He bids the city to be circumambulated (urbem ambiri) by the fearful citizens, and the pontiffs to encircle the length of the sacred boundary (pomerium) along the outer perimeter (fines) while purifying the city walls by means of festal lustration (festolustro). A throng of lesser rank follow, wearing the Gabinian cincture. The female priest in fillets leads the Vestal chorus; for her alone is it right to look upon the Minerva brought from Troy. Then came those who conserve the gods' utterances (fata deorum, that is, the priestly college of the quindecimviri) and the arcane chants (carmina) and who call back Cybele after she has been bathed in the little Almo; and the learned augur who observes birds in flight on the left; and the septemvir who presents festal banquets, and the sodality of the Titii, and the Salian priest bearing the sacred shield gladly on his shoulder, and the flamen towering in his conical hat with the well-born point.

Lucan follows the procession with the sacrifice of a bull, whose entrails reveal dire omens, and a prophetic speech by Nigidius Figulus based on his astronomical observations. It is unclear whether this Amburbium was a crisis rite actually held in 49 BC, or "a figment of his poetic imagination".[15]

See also[edit]

References[edit]

  1. ^ Jörg Rüpke, "Public and Publicity: Long-Term Changes in Religious Festivals during the Roman Republic," in Greek and Roman Festivals: Content, Meaning, and Practice (Oxford University Press, 2012), pp. 308–309.
  2. ^ Daniel P. Harmon, "Religion in the Latin Elegists," Aufstieg und Niedergang der römischen Welt II.16.3 (1986), pp. 1949–1951.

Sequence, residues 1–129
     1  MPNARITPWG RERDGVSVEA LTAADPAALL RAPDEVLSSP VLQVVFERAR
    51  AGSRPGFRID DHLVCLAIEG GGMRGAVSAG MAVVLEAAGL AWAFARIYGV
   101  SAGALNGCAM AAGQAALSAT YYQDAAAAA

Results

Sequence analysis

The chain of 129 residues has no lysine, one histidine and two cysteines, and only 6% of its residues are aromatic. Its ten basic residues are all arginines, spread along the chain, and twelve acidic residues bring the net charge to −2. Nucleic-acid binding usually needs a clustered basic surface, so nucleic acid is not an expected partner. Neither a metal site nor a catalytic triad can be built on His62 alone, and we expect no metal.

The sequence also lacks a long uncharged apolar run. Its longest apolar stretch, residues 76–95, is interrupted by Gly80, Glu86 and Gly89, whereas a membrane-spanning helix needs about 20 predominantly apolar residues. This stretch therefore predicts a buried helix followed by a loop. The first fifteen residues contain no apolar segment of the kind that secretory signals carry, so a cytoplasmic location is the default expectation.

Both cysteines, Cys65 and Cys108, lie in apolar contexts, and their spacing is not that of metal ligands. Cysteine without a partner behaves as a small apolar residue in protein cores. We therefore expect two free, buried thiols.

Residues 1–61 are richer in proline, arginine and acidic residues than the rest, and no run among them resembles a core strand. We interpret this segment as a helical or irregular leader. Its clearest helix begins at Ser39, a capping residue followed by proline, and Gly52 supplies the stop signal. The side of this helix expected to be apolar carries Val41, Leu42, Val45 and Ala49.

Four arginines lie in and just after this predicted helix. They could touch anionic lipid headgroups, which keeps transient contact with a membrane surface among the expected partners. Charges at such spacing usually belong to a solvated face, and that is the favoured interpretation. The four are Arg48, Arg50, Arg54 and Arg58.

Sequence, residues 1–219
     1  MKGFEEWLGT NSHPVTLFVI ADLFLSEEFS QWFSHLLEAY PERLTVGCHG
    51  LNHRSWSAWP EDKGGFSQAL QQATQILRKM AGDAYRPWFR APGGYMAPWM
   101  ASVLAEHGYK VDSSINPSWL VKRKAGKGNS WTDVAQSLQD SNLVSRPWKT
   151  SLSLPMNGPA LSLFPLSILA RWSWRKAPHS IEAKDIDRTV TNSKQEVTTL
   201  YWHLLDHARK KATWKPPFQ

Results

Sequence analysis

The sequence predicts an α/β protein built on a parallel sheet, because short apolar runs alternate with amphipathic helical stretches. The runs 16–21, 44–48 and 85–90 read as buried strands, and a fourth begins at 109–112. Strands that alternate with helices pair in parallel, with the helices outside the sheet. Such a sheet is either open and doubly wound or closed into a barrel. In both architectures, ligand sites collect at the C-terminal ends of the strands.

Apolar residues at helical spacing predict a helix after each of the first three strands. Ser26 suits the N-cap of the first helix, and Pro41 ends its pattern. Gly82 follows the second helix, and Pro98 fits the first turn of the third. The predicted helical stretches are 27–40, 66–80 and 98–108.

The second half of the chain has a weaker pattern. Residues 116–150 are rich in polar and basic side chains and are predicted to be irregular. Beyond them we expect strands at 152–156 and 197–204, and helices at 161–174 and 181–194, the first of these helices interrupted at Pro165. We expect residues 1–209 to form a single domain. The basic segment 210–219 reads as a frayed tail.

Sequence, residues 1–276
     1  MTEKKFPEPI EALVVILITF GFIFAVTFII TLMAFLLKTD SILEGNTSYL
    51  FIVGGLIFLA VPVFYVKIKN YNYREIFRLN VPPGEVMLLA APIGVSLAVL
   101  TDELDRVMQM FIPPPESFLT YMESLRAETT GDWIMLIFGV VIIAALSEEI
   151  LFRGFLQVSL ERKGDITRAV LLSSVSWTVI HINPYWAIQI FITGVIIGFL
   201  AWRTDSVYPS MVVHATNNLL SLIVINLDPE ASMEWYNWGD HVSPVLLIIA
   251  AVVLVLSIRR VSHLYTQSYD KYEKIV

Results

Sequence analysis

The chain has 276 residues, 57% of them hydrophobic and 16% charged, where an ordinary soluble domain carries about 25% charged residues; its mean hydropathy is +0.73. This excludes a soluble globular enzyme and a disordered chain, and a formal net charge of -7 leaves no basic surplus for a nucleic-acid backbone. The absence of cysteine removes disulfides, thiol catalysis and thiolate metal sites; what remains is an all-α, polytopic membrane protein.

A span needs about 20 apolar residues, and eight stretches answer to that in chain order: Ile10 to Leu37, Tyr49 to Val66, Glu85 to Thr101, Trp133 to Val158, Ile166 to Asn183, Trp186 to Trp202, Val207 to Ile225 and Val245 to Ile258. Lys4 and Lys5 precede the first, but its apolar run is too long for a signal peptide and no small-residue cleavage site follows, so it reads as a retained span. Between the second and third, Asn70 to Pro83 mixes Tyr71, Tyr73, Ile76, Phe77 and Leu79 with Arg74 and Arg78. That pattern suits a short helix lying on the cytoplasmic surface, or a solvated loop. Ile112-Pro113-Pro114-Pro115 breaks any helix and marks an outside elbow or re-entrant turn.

3. ^ Vopiscus, Life of Aurelian 20.3 (lustrata urbs cantata carmina amburbium celebratum ambarvalia promiss), as cited by Harmon, "Religion in the Latin Elegists," p. 1949.
  4. ^ Entry on "Roman Religion," in The Oxford Encyclopedia of Ancient Greece and Rome (Oxford University Press, 2010), p. 101; H.H. Scullard, Festivals and Ceremonies of the Roman Republic (Cornell University Press, 1981), p. 82.
  5. ^ According to Paul the Deacon; Rüpke, "Public and Publicity," p. 308.
  6. ^ Servius, notes to Georgics 1.345 and Eclogues 5.75, as cited by Harmon, "Religion in the Latin Elegists," p. 1948.
  7. ^ Servius, note to Eclogue 3.77; Harmon, "Religion in the Latin Elegists," p. 1948.
  8. ^ Scullard, Festivals and Ceremonies of the Roman Republic, p. 82, citing Macrobius, Saturnalia 1.13.3.
  9. ^ Scullard, Festivals and Ceremonies of the Roman Republic, p. 82; Jörg Rüpke, Religion in Republican Rome: Rationalization and Change (University of Pennsylvania Press, 2012), p. 38.
  10. ^ Scullard, Festivals and Ceremonies of the Roman Republic, p. 83; R.L. Rike, Apex Omnium: Religion in the Res Gestae of Ammianus (University of California Press, 1987), p. 123.
  11. ^ Harmon, "Religion in the Latin Elegists," p. 1949.
  12. ^ Hubert Cancik, "Rome as Sacred Landscape: Varro and the End of Republican Religion in Rome," in Visible Religion: Annual for Religious Iconography. Approaches to Iconology (Brill, 1985–86), vol. 4–5, pp. 255–256.
  13. ^ Scullard, Festivals and Ceremonies of the Roman Republic, pp. 82–83. The following description is that of Scullard.
  14. ^ As translated by Susan H. Braund, Lucan: Civil War (Oxford University Press, 1992), p. 18.
  15. ^ Scullard, Festivals and Ceremonies of the Roman Republic, p. 83.